Saudi Professor Reveals His Positive Views on IsraelBy Mason White 6:45 AM February 19, 2013
By: Ryan Lee Hall
A Saudi Arabian professor shockingly revealed his positive views on Israel, according to press reports in Israel.
By Anav Silverman
Tazpit News Agency For
In an age where Arab media often demonizes Israel, the London-based pan-Arab daily, Asharq Al-Awsat, recently published two articles about Israel where the author Dr. Amal Al-Hazzani gives a surprisingly somewhat positive take on Israelis.
An assistant professor at King Saud University in Riyadh, Saudi Arabia, Dr. Al-Hazzani in her article, “The Israel We Do Not Know” describes the recent Israeli elections “as something of an exception in the Middle East.”
She writes admiringly of the unexpected win of Israel’s new center-left party, Yesh Atid and of its leader, Yair Lapid’s focus on liberal concepts of social equality and education.
The assistant professor writes that Israel has “changed” since its major wars, and that there is “an emerging generation that harbors dreams and expectations different to those cherished by a leader like Netanyahu,” and that they are “…inclined towards civil interests, a love for life, and decent living standards.”
She also writes that Arab youths are not aware that there exists in Israel, youths who “strongly believe that Israel’s stability is conditional upon its coexistence with the Arabs.”
While the author also makes sure to pepper her article with negative terminology of Israel, using terms like “oppressive,” “invasive,” “an occupying state” and “bitter enemy,” she emphasizes the democratic aspects of Israeli society.
“In Israel, politicians are distinguished by their sincerity and devotion to the higher interests of the state, rather than their affiliation to a certain group, and this is something we have yet to see in the Arab Spring” Dr. Al-Hazzani writes.
During the Arab Spring, the assistant professor added that “the Arab youths turned to poets with their cheap words, and to politicians who heap[ed] insults upon Israel from their luxurious hotel rooms.”
Dr. Al Hazzani explains that because Israel’s neighboring Arab states do not teach Hebrew, their citizens remain ignorant of Israel and that is the primary cause of weakness. “A simple means of demonstrating our ignorance of Israel can be found in the fact that its neighboring states are ignorant of the Hebrew language.”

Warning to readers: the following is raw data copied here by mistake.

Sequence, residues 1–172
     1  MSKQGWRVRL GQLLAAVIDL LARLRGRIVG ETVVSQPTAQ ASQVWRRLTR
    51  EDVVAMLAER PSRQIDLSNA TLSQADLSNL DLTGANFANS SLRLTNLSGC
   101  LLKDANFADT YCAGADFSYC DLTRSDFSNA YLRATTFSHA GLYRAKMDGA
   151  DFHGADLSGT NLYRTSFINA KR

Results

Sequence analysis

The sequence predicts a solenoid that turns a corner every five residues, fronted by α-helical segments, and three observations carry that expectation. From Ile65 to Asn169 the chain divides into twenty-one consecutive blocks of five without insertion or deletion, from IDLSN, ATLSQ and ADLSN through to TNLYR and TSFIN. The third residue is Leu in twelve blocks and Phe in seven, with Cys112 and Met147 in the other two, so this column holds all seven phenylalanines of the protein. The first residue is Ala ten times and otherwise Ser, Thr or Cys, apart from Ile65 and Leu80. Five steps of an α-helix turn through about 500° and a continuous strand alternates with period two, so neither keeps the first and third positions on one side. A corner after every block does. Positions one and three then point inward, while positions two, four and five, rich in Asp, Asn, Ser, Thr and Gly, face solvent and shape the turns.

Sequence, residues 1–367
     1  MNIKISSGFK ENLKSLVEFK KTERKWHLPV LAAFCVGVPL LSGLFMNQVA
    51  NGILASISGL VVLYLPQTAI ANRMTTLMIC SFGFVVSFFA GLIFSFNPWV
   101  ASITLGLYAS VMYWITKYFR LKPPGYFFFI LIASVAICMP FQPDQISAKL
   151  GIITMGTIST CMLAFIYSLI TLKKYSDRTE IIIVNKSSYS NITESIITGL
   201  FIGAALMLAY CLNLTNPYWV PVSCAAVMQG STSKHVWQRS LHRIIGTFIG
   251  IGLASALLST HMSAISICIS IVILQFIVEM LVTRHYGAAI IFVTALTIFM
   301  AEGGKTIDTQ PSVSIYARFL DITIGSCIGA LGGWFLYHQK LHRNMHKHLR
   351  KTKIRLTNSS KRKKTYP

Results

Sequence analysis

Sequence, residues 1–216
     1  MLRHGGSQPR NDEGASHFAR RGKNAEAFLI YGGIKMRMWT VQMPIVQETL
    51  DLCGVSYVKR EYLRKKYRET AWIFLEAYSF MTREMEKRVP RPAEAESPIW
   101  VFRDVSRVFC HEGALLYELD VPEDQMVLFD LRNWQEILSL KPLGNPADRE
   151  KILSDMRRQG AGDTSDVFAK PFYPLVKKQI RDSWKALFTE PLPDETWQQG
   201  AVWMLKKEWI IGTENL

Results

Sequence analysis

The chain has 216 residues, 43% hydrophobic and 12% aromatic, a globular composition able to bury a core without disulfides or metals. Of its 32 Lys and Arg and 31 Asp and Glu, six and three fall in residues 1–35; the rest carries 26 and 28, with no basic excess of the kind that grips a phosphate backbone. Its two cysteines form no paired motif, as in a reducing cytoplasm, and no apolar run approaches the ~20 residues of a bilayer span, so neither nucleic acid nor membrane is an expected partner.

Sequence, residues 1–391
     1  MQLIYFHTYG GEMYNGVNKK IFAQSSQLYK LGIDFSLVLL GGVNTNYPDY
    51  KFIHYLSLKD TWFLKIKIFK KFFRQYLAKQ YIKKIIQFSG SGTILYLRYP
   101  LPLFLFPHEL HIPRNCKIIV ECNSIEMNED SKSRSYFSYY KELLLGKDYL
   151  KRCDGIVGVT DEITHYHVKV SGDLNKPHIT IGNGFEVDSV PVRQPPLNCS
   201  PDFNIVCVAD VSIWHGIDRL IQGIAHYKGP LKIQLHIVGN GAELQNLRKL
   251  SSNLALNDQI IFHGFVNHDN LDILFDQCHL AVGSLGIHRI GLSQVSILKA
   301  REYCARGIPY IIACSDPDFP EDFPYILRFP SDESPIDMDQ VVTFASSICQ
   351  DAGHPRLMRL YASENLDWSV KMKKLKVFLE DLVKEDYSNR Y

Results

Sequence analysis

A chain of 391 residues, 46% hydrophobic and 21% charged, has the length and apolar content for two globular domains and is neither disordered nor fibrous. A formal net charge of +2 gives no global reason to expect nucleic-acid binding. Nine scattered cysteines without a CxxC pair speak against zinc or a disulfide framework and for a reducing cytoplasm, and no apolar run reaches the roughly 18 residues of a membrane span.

She notes that in Lebanon and Syria, “people prefer to study French rather than the language of a country that continues to jeopardize their own security…”
On the other hand, Dr. Al Hazzani notes that in Israel “there is ample opportunity to study the Arabic language,” and “there is a considerable number of Israeli politicians and media representatives who speak Arabic fluently.” The author claims that Israeli immersion in Arab culture, serves as the “real cause for their power.”
The author, however, does not mention that nearly half of Israel’s population is made up of Jewish refugees from Arab countries from across the Middle East as well as their progeny.
In response to her article, Dr. Al Hazzani was inundated with hate mail, to which she responded with another article, entitled “Know Your Enemy” published February 7 in Asharq Al-Awsat, where she states she expected the outrage “for breaking a taboo.”
But she says that “… outrage will not change reality. Israel will remain as it is; a small state but stronger than the rest of the Arab world.”
The assistant professor writes in her reply that Arab knowledge of Israel is limited to war, conflict and land dispute. “The bitter truth is that although we Arabs refuse to openly recognize Israel, we implicitly acknowledge it through the martyrs’ tombs, the refugee camps, the Palestinian diaspora, the occupied territories, the periodical wars in Lebanon and Gaza, and the settlement projects. If we insist on denying the reality, we will remain alone in the dark.
Dr. Al Hazzani continues further and explains that there is much more to Israel than the above issues. “The Arabs have been preoccupied with rage and blind hatred since 1967. During this time, Israel has managed to build eight public universities and 200 museums that receive nearly 4 million tourists a year. It has also become a rival to the US in the programming and software industry.”
The author also adds that “it is untrue to claim that America is feeding the Israelis and funding their education and health; Israel is a rich state that does not need others to support it.”
The pragmatic professor concluded the article with her solution to the current state of Arab affairs: “We must understand the Israelis to know how we compare. Wars cannot be won by sentiments of hatred alone; otherwise the Arabs would have dominated the world long ago.”